07 August 2012


Anthropogenic global warming is here, and it is picking up speed.  Witness the following climate-related headlines from the past few months ~

Wikipedia ~ "Earth's mean surface temperature has increased by about 0.8 degrees Celcius  or dC (1.4 degrees Farenheit or dF), with about two-thirds of the increase occurring since 1980.  Warming of the climate system is unequivocal, and scientists are more than 90% certain that it is primarily caused by increasing concentrations of greenhouse gases produced by human activities such as the burning of fossil fuels and deforestation.  These findings are recognized by the national science academies of all major industrialized nations.

"Climate change models .... indicate that during the 21st century the global surface temperature is likely to rise a further 1.1 to 2.9 dC (2 to 5.2 dF) for their lowest emissions scenario, and 2.4 to 6.4 dC (4.3 to 11.5 dF) for their highest.

"Warming and related changes will vary from region to region around the globe.  The effects of an increase in global temperature include a rise in sea levels and a change in the amount and pattern of precipitation, as well as a probable expansion of subtropical deserts.  Warming is expected to be strongest in the Arctic and would be associated with the continuing retreat of glaciers, permafrost and sea ice.  Other likely effects of the warming include a more frequent occurrence of extreme-weather events including heat waves, droughts and heavy rainfall, ocean acidification and species extinctions due to shifting temperature regimes.  Effects significant to humans include the threat to food security from decreasing crop yields and the loss of habitat from inundation.  If global mean temperature increases to 4 dC (7.2 dF) above preindustrial levels, the limits for human habitation are likely to be exceeded in many parts of the world, while the limits of adaptation for natural systems would largely be exceeded throughout the world.  Hence, the ecosystem services upon which human livelihoods depend would not be preserved."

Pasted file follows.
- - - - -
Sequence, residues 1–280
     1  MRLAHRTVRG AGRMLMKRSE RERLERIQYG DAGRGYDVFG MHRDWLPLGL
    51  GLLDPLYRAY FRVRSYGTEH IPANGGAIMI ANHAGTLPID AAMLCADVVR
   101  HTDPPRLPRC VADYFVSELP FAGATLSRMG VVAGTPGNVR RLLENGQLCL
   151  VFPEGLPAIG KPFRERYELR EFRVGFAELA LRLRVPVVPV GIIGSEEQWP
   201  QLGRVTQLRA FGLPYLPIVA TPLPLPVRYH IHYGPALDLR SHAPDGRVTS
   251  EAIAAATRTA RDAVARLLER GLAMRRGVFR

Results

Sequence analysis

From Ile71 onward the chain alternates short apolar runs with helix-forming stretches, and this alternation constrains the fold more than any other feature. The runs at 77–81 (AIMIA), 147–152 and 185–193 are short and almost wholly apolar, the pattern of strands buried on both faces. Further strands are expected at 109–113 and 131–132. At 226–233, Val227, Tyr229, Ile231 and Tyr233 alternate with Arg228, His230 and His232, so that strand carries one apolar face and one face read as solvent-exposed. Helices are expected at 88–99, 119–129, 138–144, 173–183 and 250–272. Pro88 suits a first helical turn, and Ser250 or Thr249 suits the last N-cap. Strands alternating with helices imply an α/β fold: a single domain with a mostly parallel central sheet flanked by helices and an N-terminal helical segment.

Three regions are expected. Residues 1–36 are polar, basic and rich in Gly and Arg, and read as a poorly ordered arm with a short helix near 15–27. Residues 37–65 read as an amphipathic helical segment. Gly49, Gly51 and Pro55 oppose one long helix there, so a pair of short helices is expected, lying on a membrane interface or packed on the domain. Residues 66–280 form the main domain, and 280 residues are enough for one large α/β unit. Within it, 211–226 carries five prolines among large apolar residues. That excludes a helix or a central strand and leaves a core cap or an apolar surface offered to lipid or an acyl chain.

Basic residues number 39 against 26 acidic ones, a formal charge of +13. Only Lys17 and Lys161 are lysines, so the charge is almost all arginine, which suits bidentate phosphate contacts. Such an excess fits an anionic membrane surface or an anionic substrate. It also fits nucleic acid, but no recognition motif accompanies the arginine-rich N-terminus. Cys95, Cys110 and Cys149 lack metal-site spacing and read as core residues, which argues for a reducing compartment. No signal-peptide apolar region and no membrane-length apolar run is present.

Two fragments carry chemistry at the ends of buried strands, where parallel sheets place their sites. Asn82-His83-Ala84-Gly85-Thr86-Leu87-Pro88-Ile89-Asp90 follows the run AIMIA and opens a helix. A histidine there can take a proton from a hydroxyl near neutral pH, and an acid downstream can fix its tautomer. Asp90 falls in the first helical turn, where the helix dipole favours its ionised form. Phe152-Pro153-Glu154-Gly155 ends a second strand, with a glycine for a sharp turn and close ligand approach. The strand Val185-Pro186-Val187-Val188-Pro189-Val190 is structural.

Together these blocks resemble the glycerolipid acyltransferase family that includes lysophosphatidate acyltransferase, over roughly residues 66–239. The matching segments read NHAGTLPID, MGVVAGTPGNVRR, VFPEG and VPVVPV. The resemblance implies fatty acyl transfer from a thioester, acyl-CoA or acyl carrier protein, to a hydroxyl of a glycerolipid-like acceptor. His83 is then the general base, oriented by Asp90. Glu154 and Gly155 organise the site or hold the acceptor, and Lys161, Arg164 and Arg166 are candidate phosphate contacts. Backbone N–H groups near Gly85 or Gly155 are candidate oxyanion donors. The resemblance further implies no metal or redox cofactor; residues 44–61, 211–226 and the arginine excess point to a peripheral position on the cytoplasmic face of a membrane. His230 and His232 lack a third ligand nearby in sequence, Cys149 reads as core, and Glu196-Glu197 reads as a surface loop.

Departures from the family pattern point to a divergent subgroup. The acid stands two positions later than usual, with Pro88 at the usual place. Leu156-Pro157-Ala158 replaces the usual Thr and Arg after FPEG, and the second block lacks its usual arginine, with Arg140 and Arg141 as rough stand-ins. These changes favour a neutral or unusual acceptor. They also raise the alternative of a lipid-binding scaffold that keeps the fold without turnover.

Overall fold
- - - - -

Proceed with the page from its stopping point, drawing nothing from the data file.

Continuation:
I would add that it is illusory to compartmentalize the impacts on the natural world and on humans.  We are all one system.  Our species is but one of millions of interdependent members of the biosphere.  If there is a single fundamental lesson we should have learned by now, it is that we cannot disturb one lifeform without ripples of consequence to its neighbors, thence to their neighbors, and ultimately to ourselves.  Our excesses in species and habitat destruction are coming back to haunt us, perhaps fatally.  We've already crossed too many critical thresholds to be able to heal the planet to its pre-Industrial Revolution state, or even to its pre-1980 state.  Once each threshold is passed, the momentum of degradation takes on a life of its own.  The shame of it is that the victims aren't limited to humans.  Loss of habitat, shifting climate patterns, and deliberate extermination threaten countless species and ecosystems.  Which in turn increases the threat to humans.  We're doing it to ourselves.

Fasten your seat belts, it's going to be a bumpy ride.

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